One challenge for runtime systems like the Java™ platform that depend on
garbage collection is the ability to scale performance with the number of
allocating threads. As the number of such threads grows, allocation of
memory in the heap becomes a point of contention. To relieve this
contention, many collectors allow threads to preallocate blocks of memory
from the shared heap. These per-thread local-allocation buffers (LABs)
allow threads to allocate most objects without any need for further
synchronization. As the number of threads exceeds the number of processors,
however, the cost of committing memory to local-allocation buffers becomes
a challenge and sophisticated LAB-sizing policies must be employed.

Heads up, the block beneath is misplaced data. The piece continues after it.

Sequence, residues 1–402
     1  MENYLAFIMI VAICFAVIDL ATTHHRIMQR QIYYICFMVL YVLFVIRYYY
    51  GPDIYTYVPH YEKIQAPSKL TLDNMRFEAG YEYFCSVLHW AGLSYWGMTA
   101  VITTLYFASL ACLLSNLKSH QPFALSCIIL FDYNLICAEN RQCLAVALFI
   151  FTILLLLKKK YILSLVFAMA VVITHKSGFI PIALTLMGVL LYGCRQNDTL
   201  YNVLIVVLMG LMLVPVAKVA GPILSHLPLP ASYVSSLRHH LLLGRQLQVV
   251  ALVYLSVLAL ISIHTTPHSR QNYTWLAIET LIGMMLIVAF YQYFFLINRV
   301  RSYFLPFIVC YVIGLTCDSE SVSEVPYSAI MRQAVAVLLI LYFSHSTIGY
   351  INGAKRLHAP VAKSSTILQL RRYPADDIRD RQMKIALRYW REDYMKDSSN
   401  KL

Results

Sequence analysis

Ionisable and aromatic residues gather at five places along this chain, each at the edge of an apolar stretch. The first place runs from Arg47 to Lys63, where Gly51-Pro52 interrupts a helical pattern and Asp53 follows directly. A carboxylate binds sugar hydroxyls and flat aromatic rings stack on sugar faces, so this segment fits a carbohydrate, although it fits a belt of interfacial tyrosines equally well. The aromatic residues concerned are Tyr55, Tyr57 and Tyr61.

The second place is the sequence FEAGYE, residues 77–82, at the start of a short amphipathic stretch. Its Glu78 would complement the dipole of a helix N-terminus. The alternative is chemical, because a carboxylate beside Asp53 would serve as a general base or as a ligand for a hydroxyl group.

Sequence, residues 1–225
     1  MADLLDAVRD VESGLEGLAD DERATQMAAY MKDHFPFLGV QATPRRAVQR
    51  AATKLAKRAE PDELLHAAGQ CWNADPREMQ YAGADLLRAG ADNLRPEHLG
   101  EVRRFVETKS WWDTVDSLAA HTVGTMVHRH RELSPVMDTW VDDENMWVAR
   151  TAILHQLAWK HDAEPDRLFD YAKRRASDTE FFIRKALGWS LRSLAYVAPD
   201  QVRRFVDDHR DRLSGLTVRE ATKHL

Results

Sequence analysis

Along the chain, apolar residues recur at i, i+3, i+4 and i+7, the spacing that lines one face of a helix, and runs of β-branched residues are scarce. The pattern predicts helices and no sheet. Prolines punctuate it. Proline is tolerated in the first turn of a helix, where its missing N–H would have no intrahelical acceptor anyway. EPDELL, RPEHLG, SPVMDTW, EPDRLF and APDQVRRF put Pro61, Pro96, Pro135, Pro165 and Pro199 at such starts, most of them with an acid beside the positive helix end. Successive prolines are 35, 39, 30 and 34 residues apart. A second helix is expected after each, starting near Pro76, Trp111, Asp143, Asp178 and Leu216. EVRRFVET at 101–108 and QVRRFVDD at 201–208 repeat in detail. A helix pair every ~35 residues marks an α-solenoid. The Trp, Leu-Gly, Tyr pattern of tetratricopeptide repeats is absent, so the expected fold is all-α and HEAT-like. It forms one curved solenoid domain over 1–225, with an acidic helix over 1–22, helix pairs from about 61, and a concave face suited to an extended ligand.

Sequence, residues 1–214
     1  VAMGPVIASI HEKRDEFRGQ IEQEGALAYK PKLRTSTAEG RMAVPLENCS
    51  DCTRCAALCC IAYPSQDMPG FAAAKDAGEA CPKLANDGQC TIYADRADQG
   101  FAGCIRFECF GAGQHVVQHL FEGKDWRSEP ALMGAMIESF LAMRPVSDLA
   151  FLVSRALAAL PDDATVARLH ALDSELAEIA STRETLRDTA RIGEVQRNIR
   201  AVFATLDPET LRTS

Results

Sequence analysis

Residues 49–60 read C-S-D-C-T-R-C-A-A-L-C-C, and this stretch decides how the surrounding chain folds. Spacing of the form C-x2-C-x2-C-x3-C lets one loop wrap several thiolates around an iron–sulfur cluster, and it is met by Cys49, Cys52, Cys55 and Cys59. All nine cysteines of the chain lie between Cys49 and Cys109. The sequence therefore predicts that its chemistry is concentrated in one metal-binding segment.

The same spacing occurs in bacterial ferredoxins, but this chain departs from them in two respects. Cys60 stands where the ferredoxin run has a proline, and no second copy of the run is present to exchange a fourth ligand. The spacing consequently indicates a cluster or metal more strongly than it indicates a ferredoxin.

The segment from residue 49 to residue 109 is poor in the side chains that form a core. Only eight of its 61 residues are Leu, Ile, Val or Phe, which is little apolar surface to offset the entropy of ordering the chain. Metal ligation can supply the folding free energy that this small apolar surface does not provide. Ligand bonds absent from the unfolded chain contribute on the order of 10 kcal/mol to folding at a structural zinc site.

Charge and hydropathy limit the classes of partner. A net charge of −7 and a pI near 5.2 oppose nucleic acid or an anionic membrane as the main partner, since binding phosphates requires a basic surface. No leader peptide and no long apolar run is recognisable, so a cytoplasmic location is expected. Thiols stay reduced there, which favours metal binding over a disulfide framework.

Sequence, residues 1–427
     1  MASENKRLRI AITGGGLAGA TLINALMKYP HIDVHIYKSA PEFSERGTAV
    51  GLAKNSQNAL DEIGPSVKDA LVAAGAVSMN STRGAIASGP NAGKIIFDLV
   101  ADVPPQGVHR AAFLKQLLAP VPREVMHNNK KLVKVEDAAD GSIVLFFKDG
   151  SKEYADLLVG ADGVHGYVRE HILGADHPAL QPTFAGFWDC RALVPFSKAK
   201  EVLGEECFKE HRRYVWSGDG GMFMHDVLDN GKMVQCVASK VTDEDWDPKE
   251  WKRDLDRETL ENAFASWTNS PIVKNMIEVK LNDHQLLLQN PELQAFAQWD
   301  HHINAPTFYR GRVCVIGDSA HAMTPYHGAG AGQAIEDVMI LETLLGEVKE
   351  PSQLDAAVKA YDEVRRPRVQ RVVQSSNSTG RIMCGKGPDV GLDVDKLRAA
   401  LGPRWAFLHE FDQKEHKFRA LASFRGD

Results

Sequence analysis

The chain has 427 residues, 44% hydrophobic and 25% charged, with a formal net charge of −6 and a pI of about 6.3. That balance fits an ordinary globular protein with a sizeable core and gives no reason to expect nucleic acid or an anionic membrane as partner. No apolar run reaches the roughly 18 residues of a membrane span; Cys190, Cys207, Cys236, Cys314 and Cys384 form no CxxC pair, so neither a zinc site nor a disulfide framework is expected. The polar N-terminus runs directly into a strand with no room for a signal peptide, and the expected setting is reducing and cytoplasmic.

To reduce this complexity, we implement support for local-allocation
buffers associated with processors instead of threads using multiprocess
restartable critical sections (MP-RCSs). MP-RCSs allow threads to
manipulate processor-local data safely. To support processor-spe-cific
transactions in dynamically generated code, we have developed a novel
mechanism for implementing these critical sections that is efficient,
allows preemption-notification at known points in a given critical section,
and does not require explicit registration of the critical sec-tions.
Finally, we analyze the performance of per-processor LABs and show that,
for highly threaded applications, this approach performs better than
per-thread LABs, and allows for simpler LAB-sizing policies.